LCD’s nuts: James Murphy and Co. deliver another stunning album

American Dream‘s album-opening song is not “Dance Yrslf Clean”.

Because the awesome, impossibly huge synths kick in about three minutes earlier on “Oh Baby” which seems destined to rank among the upper echelon of LCD Soundsystem songs despite the impossibly tough standard set by its predecessor.

The notes are deeper and less frenetic than on LCD’s last side-one, track-one, but the crunchy tone is the same.

Then James Murphy is cooing comforting phrases and shimmering keys enter the fray. Quickly, whatever concerns you have that  8 years away from the improbably cool post-rock-dance-punk indie icons may have dulled their penchant for cranking out classics melt away.

You’ll even forget about the terrible album cover, which I’ve lovingly recreated in MS paint below.

AmericanDream.jpg

And rightfully so, because this is a damn good album.

But quality concerns are replace by other anxieties in the more paranoid second track, andfor most of the rest of the album, there’s a whole new slate of anxieties to contend with.

Any album titled American Dream was bound to have a dark undercurrent given the current climate , and by the time a group vocals shout, “resisting other voices” over a cowbell-infused dance groove it’s clear that the mellow opener was a bit of a fake out.

Aging, dying, reconciling a shared human condition with wildly disparate points of view and a general malaise creep in from around the edges.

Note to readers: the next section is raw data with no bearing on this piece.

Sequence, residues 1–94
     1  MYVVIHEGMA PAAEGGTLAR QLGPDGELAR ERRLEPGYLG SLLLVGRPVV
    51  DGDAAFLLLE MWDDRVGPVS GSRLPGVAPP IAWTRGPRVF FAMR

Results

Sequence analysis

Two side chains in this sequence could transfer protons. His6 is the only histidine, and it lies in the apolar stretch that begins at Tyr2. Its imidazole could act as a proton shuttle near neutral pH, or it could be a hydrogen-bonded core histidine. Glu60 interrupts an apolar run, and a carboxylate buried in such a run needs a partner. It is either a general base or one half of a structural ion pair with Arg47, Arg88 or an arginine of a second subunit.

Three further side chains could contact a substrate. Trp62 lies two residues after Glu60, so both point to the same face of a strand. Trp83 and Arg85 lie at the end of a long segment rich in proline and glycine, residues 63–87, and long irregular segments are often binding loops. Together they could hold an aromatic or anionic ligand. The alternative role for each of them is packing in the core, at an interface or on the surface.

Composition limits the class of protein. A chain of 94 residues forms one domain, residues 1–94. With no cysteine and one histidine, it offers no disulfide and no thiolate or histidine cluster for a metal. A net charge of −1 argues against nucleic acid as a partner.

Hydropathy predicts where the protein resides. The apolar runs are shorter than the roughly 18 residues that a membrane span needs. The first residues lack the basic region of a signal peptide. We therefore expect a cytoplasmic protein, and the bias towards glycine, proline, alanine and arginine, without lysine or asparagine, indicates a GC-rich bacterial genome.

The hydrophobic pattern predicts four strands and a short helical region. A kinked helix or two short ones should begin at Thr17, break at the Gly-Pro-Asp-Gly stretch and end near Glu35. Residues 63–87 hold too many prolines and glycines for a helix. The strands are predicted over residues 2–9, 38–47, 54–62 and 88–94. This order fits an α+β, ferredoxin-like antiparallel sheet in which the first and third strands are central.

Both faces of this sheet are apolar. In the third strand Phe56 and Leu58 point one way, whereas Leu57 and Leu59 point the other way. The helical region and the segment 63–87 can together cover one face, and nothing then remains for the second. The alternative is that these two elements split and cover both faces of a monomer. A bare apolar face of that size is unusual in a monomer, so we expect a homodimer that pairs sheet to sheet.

Of course, Murphy first broke through with “Losing My Edge”, so if anyone can make those themes sound like a party, it’s him.

And he does just that by employing tricks honed over the past three albums,

“Tonite” is a robotic Daft Punkian jam that bluntly and positively addresses mortality in its first minute. It’s “Losing my Edge” taken to its logical conclusion and crossed with a hefty dose of “Daft Punk is Playing at My House” and a dash of “You Wanted a Hit” sneer.

“Change Yr Mind” is a depressive “Us V Them” that doesn’t sacrifice much in regards to beats per minute. It adds some interesting screeches to the classic LCD click-track thing with lyrics about being a shut-in, and has a familiar misspelling in the title.

“How Do You Sleep” is a 9-minute epic that starts slow and adds layers a la “All of My Friends” but those layers end up including a synth line that works its way into your bones like “Dance Yrslf Clean”.

“Emotional Haircut” is the best possible version of the “Drunk Girls” model of LCD Soundsystem song. It’s a guitar spazz built around a dumb phrase, but I actually like it a lot more this time around.

Really, if I had to say a bad thing about American Dream, it’s that I think fans of the band will find it a bit self-referential.